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Back You are here: Home Local Business News Business News Health and Wellness Methamphetamine Can Lead to Oral Disaste

Methamphetamine Can Lead to Oral Disaste

CARY, N.C. – The popular TV drama series “Breaking Bad” explores the evils of cooking and selling “meth” or methamphetamines in the western U.S. And while the shows detail the horrific outcomes associated with meth use, there’s one that’s missing: So-called “meth mouth.”
“There’s probably nothing more destructive to the human mouth than methamphetamine use,” says Dr. Bill Blaylock director of N.C. Missions of Mercy or NCMOM. “And we are seeing its terrible effects on teeth and oral tissue both in our practices and in outreach dental clinics throughout North Carolina.” Methamphetamine is a cheap, easy-to-make illicit drug. It’s known by several street names: Meth, Speed, Ice, Chalk, Crank, Fire, Glass, and Crystal. It is highly addictive and methamphetamine is a potent central nervous system stimulant that can cause shortness of breath, hyperthermia, nausea, vomiting, diarrhea, irregular heart beat, high blood pressure, permanent brain damage and rampant tooth decay.
 “In the Dental Society’s NCMOM dental clinics in rural areas and some inner city locations, we are seeing a high incidence of methamphetamine-induced dental problems,” says Dr. Blaylock. “These patients who are meth users often  have teeth that are blackened, stained, rotting, crumbling or falling apart. In many cases,  the teeth cannot be salvaged and must be extracted.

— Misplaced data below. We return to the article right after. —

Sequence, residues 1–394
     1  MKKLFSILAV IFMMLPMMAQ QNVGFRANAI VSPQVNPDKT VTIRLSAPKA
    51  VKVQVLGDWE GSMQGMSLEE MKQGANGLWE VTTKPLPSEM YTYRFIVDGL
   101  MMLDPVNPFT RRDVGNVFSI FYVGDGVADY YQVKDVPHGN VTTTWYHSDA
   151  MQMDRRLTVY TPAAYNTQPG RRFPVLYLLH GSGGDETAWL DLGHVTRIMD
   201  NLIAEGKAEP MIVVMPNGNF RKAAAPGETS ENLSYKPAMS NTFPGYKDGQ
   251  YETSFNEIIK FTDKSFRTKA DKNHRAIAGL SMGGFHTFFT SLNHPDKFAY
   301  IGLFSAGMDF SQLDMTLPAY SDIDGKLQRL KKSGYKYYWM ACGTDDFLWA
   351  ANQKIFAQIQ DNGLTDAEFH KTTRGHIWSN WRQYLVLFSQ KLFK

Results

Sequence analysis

"The extensive tooth decay is probably caused by a combination of drug-induced psychological and physiological changes resulting in dry mouth and long periods of poor oral hygiene. There also is the likelihood that  the acidity of the drug damages teeth. The good news is that methamphetamine use appears to be declining nationwide. According to the 2008 National Survey on Drug Use and Health, meth use dropped from an estimated 731,000 past month users in 2006 to 314,000 past month users in 2008. However meth is still a major health concern particularly in rural and even suburban areas where the drug is easily and inexpensively manufactured and easily distributed. “Our best advice to an individual tempted to experiment with meth is that they should avoid this destructive drug altogether.  ” says Dr. Blaylock. “However, after the fact, the best we as medical professionals can do is encourage users to seek help with their addictions and try to address the all too common dental and medical issues that accompany meth use. The N.C. Dental Society represents more than 3,600 dentists throughout North Carolina. The NCDS encourages improvement of the oral health of the public, promotes the art and science of dentistry, sustains high standards of professional competence and practice, and represents the interests of the members of the dental profession and the public which it serves.